Consumption, Generation and Inter-Regional Flows

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For each of France’s regions, view the history of power consumption, power generation per energy source and the balance of power flows between regions.

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Consumption, Generation and Inter-Regional Flows

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Display regional and cross-border flows

Tracking and understanding regional data: power consumption, power generation and inter-regional power flows
 

For each of France’s regions, view the history of power consumption, power generation per energy source and the balance of power flows between regions.


Regional data at your fingertips


For each region, you can view:

  • power consumption and output: forecast, real-time consumption and historical records
  • the generation mix as well as each sector’s capacity factor and coverage rates: fossil-fuelled, hydro, nuclear, solar, wind, pumped-storage
  • the balance of incoming and outgoing power flows


A model of mainland France’s regional power output (excluding Corsica) is also available.

 
Find out more about regional data

 

  1. Regional consumption:
    This is determined on the basis of information about each region’s output and inter-regional flows.
  2. Regional generation mix:
    Indicators pertaining to the regional generation mix simulate the output of all the region’s generation facilities, whether they are connected to the transmission system or to power distribution networks.
    These various indicators are established in real time by using grid measurements and in addition, by using estimates based on models developed by RTE.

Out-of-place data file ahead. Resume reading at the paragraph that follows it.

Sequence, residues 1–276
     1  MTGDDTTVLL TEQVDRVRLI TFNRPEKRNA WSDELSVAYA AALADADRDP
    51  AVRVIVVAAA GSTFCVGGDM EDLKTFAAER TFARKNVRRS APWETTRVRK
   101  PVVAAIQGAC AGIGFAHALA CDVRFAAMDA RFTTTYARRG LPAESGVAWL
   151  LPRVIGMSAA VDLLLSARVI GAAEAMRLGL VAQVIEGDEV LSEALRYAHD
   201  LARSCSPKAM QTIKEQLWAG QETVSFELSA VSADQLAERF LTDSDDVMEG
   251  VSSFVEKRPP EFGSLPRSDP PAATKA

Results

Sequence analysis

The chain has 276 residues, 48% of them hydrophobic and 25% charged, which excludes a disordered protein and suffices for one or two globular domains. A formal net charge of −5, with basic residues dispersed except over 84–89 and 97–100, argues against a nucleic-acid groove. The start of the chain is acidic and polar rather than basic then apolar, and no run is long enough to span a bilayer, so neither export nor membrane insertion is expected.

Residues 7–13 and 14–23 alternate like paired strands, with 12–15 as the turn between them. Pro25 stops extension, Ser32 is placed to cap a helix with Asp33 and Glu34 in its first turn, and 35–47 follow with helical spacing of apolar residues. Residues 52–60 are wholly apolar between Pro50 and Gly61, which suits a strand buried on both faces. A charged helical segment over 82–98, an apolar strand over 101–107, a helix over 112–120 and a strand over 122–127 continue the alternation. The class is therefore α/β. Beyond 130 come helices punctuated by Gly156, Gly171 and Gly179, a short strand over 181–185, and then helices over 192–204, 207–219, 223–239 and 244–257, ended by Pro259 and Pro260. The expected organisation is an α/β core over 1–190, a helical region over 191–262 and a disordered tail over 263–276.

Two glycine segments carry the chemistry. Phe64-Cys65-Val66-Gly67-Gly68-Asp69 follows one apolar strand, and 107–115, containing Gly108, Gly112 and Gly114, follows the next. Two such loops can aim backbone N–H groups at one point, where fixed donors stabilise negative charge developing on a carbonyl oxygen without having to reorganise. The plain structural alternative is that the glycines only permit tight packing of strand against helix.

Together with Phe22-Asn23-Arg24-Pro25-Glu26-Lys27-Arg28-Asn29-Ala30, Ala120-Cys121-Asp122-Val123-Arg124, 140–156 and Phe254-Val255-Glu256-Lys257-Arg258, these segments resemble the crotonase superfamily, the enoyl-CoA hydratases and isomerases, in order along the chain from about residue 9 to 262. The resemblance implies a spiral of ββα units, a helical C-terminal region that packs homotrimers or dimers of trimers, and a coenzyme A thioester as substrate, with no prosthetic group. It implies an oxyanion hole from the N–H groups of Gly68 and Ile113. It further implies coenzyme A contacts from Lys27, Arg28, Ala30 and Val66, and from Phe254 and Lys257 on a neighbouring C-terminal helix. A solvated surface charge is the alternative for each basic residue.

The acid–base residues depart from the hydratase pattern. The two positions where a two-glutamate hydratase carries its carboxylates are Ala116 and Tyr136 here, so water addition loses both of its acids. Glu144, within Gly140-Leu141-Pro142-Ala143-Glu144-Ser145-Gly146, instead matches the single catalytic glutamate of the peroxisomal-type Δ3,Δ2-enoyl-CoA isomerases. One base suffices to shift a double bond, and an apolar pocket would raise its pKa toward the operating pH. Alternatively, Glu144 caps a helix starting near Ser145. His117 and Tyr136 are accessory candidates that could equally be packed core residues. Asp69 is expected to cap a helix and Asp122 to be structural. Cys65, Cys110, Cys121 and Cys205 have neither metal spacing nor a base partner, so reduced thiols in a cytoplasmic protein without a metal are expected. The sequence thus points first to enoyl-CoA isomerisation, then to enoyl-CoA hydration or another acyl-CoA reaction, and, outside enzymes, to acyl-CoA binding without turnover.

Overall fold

3. Coverage rate:
    A generation sector’s coverage rate within a region is the proportion of this sector within the region’s consumption.
  4. Capacity factor:
    A generation sector’s capacity factor is the amount of power it generates against the sector’s operational installed capacity.
  5. Inter-regional power flows:
    The balance of inter-regional power flows is established on the basis of transmission data remotely monitored on the lines of the public transmission system. This data is supplemented by an estimate of flows on networks downstream of the public transmission system, based on information provided by distribution companies (Enedis and local distribution companies). RTE has developed algorithms for estimating inter-regional flows on distribution networks for which the company does not have a remote-monitoring system.



Browsing through the calendar and the regional data graphs


The calendar enables you to view data over a period of one day or more (up to 8 weeks on desktop and 1 week on a smartphone).


Historical data is updated twice following initial publication:

  • In the course of the following month, historical data is consolidated ("consolidated data" in green in the calendar, based on available metering data).
  • In the course of the first half of the following year, historical data is finalised ("final data" in red in the calendar, based on all metering data).


"DC" and "ND" abbreviations

  • The abbreviation "DC" that appears for some generation technologies in some regions means "confidential data". Bound by legislation governing statistical confidentiality, RTE is not able to publish this information.
  • "ND" (in French) means "not available", i.e. the data does not exist for the requested period.

 
Spotlight on the comparative regional histogram


At a glance, view mainland France’s 12 regions and compare their power consumption, their output per energy source and their operational generation fleet.

 
Spotlight on the tool enabling you to view power flows between regions


For each region, this diagram shows you the balance of imported/exported power flows with other regions or neighbouring countries.

A region is connected to its neighbours by power lines carrying power flows that can be imported or exported. This diagram shows the balance of imported/exported power flows between neighbouring regions: place the cursor on an exchange between two regions to see the import/export balance. The "size" of the exchange extremities indicates the power being transmitted between a region and its neighbour.

If the extremity on the side of region A is bigger than that on the side of region B, this means that region A exports more power than it imports on its exchange lines with region B.